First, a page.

* Urophilia - sexual arousal from urine (seeks to create a protected class of people.)   

 

Whatever happened to equality under the law? Hate crime legislation makes the motivation of a crime the crime itself. Motivation is thought, so therefore government can now regulate your thoughts. Since when is thinking a crime? Only since hate crime legislation was signed into law. Thoughts lead to words, so then, not only is freedom of speech is gone, but now freedom of thinking is also to be regulated.

 

The totalitarian government we now have will take this legislation and parlay it into imprisonment for anyone that dares to disagree with their progressive agenda.

 

They will shut down all media that opposes their evil plans. They whine and complain about the alleged atrocities at Abu Ghraib, while dreaming of the day they can lock you up as a dissident. Sounds like the old Soviet Union. Happy forth of July!  

 

The progressives have an idea to lift up the poor and downtrodden. How noble this sounds, no more poverty. Yet Jesus Christ, the creator of the universe, the Alpha and the Omega, the beginning and the end said, "the poor, you will have with you always."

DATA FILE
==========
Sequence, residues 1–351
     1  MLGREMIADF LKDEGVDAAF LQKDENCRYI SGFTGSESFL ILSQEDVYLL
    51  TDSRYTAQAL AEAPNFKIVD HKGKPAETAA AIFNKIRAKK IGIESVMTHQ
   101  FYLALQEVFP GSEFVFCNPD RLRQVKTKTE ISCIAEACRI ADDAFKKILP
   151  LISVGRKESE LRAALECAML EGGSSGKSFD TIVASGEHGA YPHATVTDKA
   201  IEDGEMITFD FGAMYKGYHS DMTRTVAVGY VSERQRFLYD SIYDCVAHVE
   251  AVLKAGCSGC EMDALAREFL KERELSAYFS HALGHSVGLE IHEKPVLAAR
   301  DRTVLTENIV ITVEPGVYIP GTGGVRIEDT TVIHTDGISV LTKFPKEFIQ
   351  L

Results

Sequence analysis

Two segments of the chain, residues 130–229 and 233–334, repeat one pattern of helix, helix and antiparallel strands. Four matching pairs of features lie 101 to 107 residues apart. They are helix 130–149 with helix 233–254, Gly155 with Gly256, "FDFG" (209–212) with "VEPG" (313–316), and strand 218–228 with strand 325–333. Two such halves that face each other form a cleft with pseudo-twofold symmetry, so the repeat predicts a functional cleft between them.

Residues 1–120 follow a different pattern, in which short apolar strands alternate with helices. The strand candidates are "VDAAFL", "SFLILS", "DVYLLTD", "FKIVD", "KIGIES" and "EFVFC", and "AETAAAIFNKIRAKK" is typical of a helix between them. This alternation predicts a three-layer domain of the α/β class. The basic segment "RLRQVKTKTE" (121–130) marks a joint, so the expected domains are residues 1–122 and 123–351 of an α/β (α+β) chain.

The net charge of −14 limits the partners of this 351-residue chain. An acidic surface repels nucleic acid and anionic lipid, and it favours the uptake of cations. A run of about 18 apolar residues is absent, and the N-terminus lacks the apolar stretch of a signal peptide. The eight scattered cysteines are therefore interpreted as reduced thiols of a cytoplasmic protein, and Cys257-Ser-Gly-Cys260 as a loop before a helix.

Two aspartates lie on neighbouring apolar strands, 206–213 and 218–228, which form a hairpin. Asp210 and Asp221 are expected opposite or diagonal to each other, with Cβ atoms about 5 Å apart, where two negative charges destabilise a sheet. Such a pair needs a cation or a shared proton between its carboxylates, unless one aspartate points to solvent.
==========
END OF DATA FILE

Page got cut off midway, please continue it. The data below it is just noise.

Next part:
The progressive system is to take from the rich and working and give to the sick, lame, and lazy. Their great cause is to make us all equal by destroying the middle class and the wealthy. We will all be poor and dependent on government (the great messiah.) Why should you have freedom to work hard, be successful, and get ahead by creating wealth and jobs? Those that are lazy, criminal, or stupid cannot, or will not achieve wealth, so we must take it away from you and give it to them. Redistribution of wealth was a campaign promise of the "one", remember Joe the plumber?